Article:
# The risk of death for sickle cell disease

### by Marianne Freiberger

Sickle cell disease deforms red blood cells into a sickle-like shape.

Researchers from Boston University School of Medicine (BUSM) and Boston University School of Public Health (BUSPH) have developed a mathematical method to estimate the severity of sickle cell disease and to predict the risk of death in people with the disease.

The term "sickle cell disease" refers to a whole collection of genetic disorders that cause a patient's red blood cells to deform into a sickle shape. The deformed cells can get stuck in narrow blood vessels and hamper the delivery of oxygen to tissue, causing organ damage or failure, for example stroke.

A major problem with sickle cell disease is that the underlying genetic disorders can express themselves in a variety of different ways — the disease has a wide range of *phenotypes*. Some people with the disease will experience a whole range of symptoms and health problems — collectively known as *clinical events* — while others will have few or even none. Some patients die in
childhood, while others live to a ripe old age. Blood test results can vary widely between people, and there is a range of genetic variants that impact on the disease. With so many factors to consider, forecasting the severity of the disease in an individual patient and predicting the chance of near-term death is extremely difficult, and at the moment doctors have no satisfactory method for doing
so.

The new research, led by Paola Sebastiani and published in the June issue of the journal *Blood*, addresses this problem. The scientists analysed existing data from 3,380 patients to establish the interdependency of a number of factors. They used a mathematical data mining technique called
*Bayesian network modelling*, named after the eighteenth century mathematician Thomas Bayes.

Thomas Bayes, 1702 - 1761.

Bayes is best-known for his formula for calculating *conditional probabilities*: the probability that event *A* will occur, given that event *B* has occurred. Conditional probabilities are important in medicine, because they give a way of accounting for new evidence and test results. When a doctor first encounters a person with, say, sickle cell disease, there is nothing much to
distinguish this individual from others with the disease. In the absence of further information, a general measure of the probability that the person will die prematurely is the proportion of people with the disease that have died prematurely in the past: if half of the patients that were observed in the past died early, then the probability of premature death is 0.5. But once the doctor has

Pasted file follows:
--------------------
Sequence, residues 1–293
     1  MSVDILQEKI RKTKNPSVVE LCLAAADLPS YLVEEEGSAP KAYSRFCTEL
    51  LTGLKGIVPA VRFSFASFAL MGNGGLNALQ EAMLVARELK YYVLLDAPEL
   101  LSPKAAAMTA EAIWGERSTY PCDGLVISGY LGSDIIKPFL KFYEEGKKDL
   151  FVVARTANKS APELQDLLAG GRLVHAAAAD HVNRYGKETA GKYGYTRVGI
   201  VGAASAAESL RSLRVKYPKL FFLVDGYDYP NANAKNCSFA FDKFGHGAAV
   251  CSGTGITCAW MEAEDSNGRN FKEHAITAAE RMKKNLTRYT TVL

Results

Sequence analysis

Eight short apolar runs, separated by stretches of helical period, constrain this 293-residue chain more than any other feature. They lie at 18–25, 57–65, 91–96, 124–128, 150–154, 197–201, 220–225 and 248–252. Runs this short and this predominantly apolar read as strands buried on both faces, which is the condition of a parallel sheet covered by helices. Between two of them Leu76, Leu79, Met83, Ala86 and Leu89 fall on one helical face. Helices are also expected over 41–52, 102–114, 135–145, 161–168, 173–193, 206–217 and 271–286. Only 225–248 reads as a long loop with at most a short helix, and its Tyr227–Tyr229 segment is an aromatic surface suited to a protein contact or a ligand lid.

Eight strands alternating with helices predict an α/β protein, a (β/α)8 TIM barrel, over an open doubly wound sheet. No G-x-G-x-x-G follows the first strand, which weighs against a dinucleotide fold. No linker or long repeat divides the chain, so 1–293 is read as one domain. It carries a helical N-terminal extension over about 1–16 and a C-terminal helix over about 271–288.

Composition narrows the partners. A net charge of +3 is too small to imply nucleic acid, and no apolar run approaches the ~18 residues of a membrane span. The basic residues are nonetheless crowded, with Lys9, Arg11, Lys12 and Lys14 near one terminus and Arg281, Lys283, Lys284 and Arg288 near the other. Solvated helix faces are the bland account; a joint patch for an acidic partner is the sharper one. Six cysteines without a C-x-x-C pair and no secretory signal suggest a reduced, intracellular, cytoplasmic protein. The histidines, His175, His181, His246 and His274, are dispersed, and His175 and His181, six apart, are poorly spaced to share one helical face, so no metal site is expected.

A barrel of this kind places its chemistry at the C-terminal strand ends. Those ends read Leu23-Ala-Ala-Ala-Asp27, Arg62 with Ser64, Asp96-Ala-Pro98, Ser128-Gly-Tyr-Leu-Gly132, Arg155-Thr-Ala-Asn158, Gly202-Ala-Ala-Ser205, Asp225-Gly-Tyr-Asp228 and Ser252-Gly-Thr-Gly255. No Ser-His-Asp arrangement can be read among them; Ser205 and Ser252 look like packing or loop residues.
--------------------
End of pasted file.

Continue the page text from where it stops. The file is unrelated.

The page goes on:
observed a clinical event indicating that the patient is already severely damaged by the disease, for example that the patient has had a stroke in the past, this probability may have to be revised. Bayes' theorem provides a way of calculating the revised chance of death (see the tags below for more on Bayes' theorem).

A simplified example of a Bayesian network. It represents the causal relationships between age, blood pressure, stroke and death. Such a network facilitates calculating probabilities of inter-related variables.

In practice doctors treating sickle cell disease have to consider not just one clinical event or test result, but a whole range of them. Updating the chance of near-term death based on a patient profile becomes a complicated business, especially since it is not entirely clear how the various variables impact on each other. This is where *Bayesian networks* come in. In a Bayesian network
each node represents a certain variable and two nodes are linked by an arrow if one impacts on the other. A Bayesian network gives a clear picture of the mutual and hierarchical interdependencies in the system. It comes with probability distributions describing the nature of dependency between nodes, and there are sophisticated computer algorithms for updating the probabilities when the value of
one or more variables changes.

To represent the variables associated to disease severity as a Bayesian network, Sebastiani and her colleagues analysed the data from their sample of 3,380 patients. A computer algorithm chomped its way through more than a thousand possible networks, eventually coming up with a particular one which it calculated to be 150 times more likely to be accurate than all others. The nodes of the network represent various clinical events — for example stroke or leg ulceration — laboratory tests, the genotype of the disease, and of course death itself. It describes how the various factors are interconnected and combine to increase the risk of death.

Doctors can enter blood test results and other observations from an individual patient into an online calculator that determines the risk of death within five years.

The researchers used their network to construct a quick-and-easy scoring system to estimate the chance of death within the next five years, based on an individual patient profile. The Sickle Cell Disease Severity Calculator allows doctors to enter information on the variables that, according to the network, significantly impact on the risk of death, for example weather the patient experiences pain or has had a stroke, and the outcome of laboratory tests. A computer algorithm then whizzes through the network, updating the conditional probabilities, and returns a number between 0 and 1 representing the probability of death. "This model can be used to compute a personalised disease severity score allowing therapeutic decisions to be made according to the prognosis," said senior author Martin Steinberg, professor of medicine at BUSM. "The severity score could also serve as an estimate of overall disease severity in genotype-phenotype association studies and provide an additional method to study the complex pathophysiology [the many ways in which the disease can affect the body] of sickle cell disease."